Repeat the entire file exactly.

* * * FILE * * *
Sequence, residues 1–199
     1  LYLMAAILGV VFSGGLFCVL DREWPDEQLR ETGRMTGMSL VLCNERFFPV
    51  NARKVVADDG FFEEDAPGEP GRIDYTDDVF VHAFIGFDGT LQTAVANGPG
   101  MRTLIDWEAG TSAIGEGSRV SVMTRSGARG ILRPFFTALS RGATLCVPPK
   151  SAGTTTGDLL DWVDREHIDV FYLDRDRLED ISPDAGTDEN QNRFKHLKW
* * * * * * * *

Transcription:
Sequence, residues 1–199
     1  LYLMAAILGV VFSGGLFCVL DREWPDEQLR ETGRMTGMSL VLCNERFFPV
    51  NARKVVADDG FFEEDAPGEP GRIDYTDDVF VHAFIGFDGT LQTAVANGPG
   101  MRTLIDWEAG TSAIGEGSRV SVMTRSGARG ILRPFFTALS RGATLCVPPK
   151  SAGTTTGDLL DWVDREHIDV FYLDRDRLED ISPDAGTDEN QNRFKHLKW